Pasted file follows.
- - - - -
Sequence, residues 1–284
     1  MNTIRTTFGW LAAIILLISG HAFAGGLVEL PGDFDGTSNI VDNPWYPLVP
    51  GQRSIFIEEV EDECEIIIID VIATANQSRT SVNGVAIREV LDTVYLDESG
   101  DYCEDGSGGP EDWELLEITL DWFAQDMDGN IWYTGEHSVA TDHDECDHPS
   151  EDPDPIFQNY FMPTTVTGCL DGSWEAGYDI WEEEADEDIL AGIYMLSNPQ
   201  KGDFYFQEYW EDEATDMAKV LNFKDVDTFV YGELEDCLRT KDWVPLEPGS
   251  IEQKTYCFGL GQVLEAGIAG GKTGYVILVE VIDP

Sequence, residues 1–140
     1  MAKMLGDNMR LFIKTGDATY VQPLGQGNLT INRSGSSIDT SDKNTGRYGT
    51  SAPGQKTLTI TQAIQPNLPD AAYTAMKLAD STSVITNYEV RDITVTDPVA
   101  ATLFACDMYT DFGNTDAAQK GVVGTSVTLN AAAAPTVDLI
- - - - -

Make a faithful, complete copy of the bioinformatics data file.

Sequence, residues 1–284
     1  MNTIRTTFGW LAAIILLISG HAFAGGLVEL PGDFDGTSNI VDNPWYPLVP
    51  GQRSIFIEEV EDECEIIIID VIATANQSRT SVNGVAIREV LDTVYLDESG
   101  DYCEDGSGGP EDWELLEITL DWFAQDMDGN IWYTGEHSVA TDHDECDHPS
   151  EDPDPIFQNY FMPTTVTGCL DGSWEAGYDI WEEEADEDIL AGIYMLSNPQ
   201  KGDFYFQEYW EDEATDMAKV LNFKDVDTFV YGELEDCLRT KDWVPLEPGS
   251  IEQKTYCFGL GQVLEAGIAG GKTGYVILVE VIDP

Sequence, residues 1–140
     1  MAKMLGDNMR LFIKTGDATY VQPLGQGNLT INRSGSSIDT SDKNTGRYGT
    51  SAPGQKTLTI TQAIQPNLPD AAYTAMKLAD STSVITNYEV RDITVTDPVA
   101  ATLFACDMYT DFGNTDAAQK GVVGTSVTLN AAAAPTVDLI